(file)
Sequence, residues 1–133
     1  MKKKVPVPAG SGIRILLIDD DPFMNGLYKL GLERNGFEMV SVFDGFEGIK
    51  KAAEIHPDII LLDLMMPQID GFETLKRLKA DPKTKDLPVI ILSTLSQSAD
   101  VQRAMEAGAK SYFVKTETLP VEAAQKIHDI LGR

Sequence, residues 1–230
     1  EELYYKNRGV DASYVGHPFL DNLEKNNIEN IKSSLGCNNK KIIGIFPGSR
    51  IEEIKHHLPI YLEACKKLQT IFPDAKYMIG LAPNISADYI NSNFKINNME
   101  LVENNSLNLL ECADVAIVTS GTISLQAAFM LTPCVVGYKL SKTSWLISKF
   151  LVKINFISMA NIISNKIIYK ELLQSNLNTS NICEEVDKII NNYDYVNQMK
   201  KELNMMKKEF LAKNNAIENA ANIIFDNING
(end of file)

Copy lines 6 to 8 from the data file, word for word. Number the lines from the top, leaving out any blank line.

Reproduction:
     1  EELYYKNRGV DASYVGHPFL DNLEKNNIEN IKSSLGCNNK KIIGIFPGSR
    51  IEEIKHHLPI YLEACKKLQT IFPDAKYMIG LAPNISADYI NSNFKINNME
   101  LVENNSLNLL ECADVAIVTS GTISLQAAFM LTPCVVGYKL SKTSWLISKF